Governor orders flags lowered for fallen Dover fire chief

LEVARSE: Penn State, college football receive pivotal benchmarks for return to normalcy

(Wilkes-Barre) Times-Leader (TNS)
James Franklin

The convoys to State College would have started picking up Friday. But the lots surrounding Beaver Stadium will be empty on Saturday.

With the Blue-White Game and its weekend activities canceled because of the coronavirus pandemic, Penn State shifted the festivities online, encouraging virtual tailgates with the university streaming a game to watch and Nittany Lions coaches set to drop in on video calls with fans.

The question that remains is how long will it take for in-person tailgates and live games to resume in Happy Valley? The Lions are scheduled to open their season at home on Sept. 5, but there still are few answers with the country in its second month of lockdown to prevent the spread of COVID-19, the respiratory disease caused by the virus.

But some clues started to form this week for Penn State and college football fans in general.

Commissioners weigh in: Perhaps the most significant development came Wednesday when the commissioners of various conferences spoke with Vice President Mike Pence and stressed that college football wouldn’t be able to start up in 2020 without campuses being open.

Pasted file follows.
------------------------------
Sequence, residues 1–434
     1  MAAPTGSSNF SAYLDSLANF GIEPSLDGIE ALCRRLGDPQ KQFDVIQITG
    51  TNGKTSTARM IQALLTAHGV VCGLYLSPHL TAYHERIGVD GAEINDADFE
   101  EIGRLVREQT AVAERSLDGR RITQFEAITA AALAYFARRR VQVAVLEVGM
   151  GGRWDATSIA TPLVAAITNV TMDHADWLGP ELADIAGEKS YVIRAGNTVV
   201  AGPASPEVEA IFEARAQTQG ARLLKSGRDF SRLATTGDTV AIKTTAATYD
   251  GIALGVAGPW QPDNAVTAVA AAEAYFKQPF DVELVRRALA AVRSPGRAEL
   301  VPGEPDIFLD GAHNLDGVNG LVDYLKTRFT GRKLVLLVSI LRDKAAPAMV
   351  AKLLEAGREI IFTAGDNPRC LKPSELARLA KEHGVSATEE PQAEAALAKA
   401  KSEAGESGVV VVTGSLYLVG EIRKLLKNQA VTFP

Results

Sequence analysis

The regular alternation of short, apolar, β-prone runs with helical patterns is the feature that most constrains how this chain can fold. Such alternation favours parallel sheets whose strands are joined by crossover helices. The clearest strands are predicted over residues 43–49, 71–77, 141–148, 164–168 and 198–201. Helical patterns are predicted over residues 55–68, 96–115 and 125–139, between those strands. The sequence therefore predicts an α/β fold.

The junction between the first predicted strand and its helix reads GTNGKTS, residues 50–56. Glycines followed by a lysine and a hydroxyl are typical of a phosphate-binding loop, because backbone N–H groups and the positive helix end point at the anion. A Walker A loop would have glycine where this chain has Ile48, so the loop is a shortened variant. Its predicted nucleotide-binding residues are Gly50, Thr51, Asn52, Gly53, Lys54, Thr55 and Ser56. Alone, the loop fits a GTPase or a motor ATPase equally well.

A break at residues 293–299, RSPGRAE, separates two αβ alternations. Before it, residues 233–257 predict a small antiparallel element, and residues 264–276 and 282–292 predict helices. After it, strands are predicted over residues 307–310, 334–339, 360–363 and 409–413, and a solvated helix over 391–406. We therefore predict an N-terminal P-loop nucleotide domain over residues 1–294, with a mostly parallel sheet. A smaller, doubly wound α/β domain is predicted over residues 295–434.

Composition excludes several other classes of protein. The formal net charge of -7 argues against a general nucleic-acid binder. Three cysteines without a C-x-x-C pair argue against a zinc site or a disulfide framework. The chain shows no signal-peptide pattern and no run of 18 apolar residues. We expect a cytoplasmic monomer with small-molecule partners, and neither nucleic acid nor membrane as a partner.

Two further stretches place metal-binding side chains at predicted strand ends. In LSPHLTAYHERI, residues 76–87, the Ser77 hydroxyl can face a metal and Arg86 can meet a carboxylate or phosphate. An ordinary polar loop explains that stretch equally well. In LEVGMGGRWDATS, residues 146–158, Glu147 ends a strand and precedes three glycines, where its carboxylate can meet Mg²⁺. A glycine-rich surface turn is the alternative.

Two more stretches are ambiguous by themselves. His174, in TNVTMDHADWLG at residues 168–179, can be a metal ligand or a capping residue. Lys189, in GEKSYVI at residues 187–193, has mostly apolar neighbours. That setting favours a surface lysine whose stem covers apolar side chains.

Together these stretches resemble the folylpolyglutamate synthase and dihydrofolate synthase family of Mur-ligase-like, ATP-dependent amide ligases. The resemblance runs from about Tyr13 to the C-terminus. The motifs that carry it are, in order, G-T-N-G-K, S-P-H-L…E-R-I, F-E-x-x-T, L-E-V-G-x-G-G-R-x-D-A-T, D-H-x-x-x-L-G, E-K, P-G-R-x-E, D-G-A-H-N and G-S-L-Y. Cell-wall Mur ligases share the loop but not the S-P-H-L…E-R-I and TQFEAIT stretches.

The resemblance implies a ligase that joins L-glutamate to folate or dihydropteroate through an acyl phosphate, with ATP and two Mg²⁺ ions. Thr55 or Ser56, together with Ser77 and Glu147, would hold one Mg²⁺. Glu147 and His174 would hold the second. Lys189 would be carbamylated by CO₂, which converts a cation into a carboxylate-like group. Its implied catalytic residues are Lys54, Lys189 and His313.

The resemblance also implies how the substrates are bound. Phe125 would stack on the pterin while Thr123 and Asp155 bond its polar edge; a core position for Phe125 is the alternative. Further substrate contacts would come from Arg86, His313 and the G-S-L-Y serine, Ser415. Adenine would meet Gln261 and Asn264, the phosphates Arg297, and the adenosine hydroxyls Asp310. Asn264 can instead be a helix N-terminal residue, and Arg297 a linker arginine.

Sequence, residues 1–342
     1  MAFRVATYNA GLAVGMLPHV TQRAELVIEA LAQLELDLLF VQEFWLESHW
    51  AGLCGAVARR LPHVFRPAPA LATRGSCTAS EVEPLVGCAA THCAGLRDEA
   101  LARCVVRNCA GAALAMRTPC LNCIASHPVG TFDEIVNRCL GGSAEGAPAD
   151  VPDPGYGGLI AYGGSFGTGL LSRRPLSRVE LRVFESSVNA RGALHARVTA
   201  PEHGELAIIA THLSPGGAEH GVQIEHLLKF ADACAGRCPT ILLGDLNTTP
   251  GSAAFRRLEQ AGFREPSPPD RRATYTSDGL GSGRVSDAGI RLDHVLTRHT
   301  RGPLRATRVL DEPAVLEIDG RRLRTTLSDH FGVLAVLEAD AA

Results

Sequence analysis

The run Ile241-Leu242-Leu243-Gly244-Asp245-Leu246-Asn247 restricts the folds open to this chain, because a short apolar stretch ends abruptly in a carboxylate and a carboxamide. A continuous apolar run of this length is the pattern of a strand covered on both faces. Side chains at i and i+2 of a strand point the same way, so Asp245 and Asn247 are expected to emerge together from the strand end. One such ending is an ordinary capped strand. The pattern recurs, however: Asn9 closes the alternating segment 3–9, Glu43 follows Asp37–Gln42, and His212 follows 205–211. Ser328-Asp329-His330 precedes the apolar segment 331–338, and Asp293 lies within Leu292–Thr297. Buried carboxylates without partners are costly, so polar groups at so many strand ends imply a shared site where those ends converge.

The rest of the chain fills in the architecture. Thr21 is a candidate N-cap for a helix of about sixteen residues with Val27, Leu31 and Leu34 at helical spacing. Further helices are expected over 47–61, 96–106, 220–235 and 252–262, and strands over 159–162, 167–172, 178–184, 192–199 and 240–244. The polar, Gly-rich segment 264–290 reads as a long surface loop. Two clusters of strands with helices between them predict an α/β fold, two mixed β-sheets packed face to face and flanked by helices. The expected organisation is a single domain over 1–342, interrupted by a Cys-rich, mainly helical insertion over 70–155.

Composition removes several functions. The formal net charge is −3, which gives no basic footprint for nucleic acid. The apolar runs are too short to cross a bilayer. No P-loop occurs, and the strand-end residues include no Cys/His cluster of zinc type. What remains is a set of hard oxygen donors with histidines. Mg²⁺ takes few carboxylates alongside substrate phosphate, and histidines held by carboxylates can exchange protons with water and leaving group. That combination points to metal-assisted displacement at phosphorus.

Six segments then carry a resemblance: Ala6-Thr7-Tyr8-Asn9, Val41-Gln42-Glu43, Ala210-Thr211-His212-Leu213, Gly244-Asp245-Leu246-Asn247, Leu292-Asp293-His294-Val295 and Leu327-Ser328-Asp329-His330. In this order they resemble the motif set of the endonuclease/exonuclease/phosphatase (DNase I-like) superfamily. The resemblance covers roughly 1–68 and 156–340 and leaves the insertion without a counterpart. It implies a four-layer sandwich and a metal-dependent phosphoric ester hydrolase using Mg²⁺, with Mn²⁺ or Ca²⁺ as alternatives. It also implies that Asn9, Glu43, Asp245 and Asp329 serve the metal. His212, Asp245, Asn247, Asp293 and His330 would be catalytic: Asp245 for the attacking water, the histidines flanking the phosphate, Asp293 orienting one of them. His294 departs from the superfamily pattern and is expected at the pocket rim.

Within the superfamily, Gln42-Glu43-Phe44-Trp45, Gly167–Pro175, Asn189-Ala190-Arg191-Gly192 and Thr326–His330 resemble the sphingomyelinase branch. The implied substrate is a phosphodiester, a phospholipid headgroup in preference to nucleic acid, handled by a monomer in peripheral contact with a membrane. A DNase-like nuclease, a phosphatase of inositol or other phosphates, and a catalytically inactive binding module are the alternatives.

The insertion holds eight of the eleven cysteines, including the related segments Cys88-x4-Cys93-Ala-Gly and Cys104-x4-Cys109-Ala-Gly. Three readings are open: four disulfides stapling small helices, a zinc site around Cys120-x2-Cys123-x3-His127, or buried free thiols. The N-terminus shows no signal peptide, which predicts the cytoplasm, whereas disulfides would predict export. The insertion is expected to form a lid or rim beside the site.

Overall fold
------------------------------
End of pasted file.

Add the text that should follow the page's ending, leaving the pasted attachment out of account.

In other words, there’s no chance that players would return to prepare for a season if it wasn’t deemed safe for the student body at large to be back.

For Penn State in particular, the university went to remote learning last month for the rest of the spring semester. And on Thursday, the announcement came that it would continue through both of the school’s two summer sessions of classes, with the caveat that improving conditions could open things back up before the fall.

“While the plan calls for online instruction for Summer Session II, the university is preparing in case health dynamics shift and students could safely return to campuses for in-person instruction,” Penn State said in a statement. “Any such decisions and related processes for welcoming students back will be made based on guidance from government and health authorities and include careful planning focused first and foremost on the health and well-being of students, faculty and staff. More information will be shared as the situation continues to evolve.”

Typically, the Lions would have their entire roster, including incoming freshmen, on campus by July to start classes ahead of training camp at the start of August. That may not be an option in the current environment.

Planning for multiple scenarios: Lions coach James Franklin and his staff have been trying to plan for multiple scenarios.

“We had already worked on about six different (practice) models,” Franklin said. “So, if we were able to get back in a month, if we were able to get back in six weeks, if we were able to get back in two months, if we were able to get back in, whatever the time period was. We started kind of breaking it out. What’s this going to look like from a football perspective for us?”